How to study gender

Tips & Tricks

There are a number of ways to learn and remember gender — try this list for starters:

-Picture the object in a specific color. One of the easiest ways to remember the gender of a noun is to visualize it in either blue or pink. If a word is neuter picture it in tan. This works well for concrete nouns that you can picture but is less effective for abstract concepts with low imaginability. If you want to go the extra mile, do a little drawing and color it in. Spending extra cognitive energy and attention on the word and involving a kinesthetic element will boost your learning.

-Adorn the object with a gender marker. While it may not be politically correct to put a pink bow on a feminine object and a blue tie on a masculine one, feel free to choose any signs you associate with gender. Visualize nouns along with their gender marker, for example in French you might think of a bunny rabbit wearing a tie (le lapin) or a car with a bow around it (la voiture).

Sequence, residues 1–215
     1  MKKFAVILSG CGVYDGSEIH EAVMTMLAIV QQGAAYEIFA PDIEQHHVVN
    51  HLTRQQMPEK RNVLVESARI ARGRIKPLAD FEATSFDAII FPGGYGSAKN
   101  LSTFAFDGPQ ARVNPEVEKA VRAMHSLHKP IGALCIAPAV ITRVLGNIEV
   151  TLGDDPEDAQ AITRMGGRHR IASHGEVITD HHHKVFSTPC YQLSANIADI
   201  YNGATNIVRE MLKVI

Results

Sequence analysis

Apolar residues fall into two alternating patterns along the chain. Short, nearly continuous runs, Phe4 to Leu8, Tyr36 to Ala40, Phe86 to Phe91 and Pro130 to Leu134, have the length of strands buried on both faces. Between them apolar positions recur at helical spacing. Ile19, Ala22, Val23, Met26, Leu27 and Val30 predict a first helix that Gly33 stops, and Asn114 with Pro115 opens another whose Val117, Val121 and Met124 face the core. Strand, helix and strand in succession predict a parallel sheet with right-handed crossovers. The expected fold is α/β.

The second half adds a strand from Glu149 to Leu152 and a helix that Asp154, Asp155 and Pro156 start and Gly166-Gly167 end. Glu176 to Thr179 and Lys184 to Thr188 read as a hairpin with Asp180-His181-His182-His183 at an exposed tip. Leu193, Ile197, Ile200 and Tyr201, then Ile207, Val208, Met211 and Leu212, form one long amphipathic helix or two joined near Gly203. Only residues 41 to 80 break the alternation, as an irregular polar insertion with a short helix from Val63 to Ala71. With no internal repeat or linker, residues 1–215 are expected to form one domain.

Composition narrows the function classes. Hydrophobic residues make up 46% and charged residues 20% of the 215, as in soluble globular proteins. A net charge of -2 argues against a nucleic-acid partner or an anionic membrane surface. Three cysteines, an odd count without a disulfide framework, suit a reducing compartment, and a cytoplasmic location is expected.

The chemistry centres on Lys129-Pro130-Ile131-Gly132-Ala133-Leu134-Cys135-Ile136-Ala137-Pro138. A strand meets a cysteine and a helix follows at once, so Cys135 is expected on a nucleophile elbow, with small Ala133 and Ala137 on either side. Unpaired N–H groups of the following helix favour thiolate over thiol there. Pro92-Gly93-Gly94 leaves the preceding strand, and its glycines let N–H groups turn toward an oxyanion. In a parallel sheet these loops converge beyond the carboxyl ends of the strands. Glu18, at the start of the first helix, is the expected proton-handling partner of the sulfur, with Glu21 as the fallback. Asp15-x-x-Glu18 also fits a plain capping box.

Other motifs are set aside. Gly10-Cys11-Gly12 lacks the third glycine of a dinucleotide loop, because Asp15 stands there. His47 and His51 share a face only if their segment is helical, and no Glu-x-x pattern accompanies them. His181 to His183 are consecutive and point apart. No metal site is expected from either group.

-Visualize a famous person. If you’re still having trouble you can use people to help you remember gender. Think of a male actor or celebrity and place them in the garage to help you recall that it’s le garage or imagine Julia Child in the kitchen to learn that it’s la cuisine.

-Make audio recordings of vocabulary. If you are less of a visual learner it can be helpful to have native speakers say your new words out loud. Enlist a man to read out the masculine words and a woman for the feminine words to help you remember the difference.

-Write the word using a different color pen. Repeatedly writing a word by hand or typing it on the computer can help with spelling but if you add colour you can also work in gender.

-Create groupings of same-gender objects. If you’re sitting down to create a vocabulary list you want to study, separate it into different lists based on gender. You can also create semantic associations to help. If you know a particular word is masculine then come up with a story that links it to another masculine word you find hard to remember.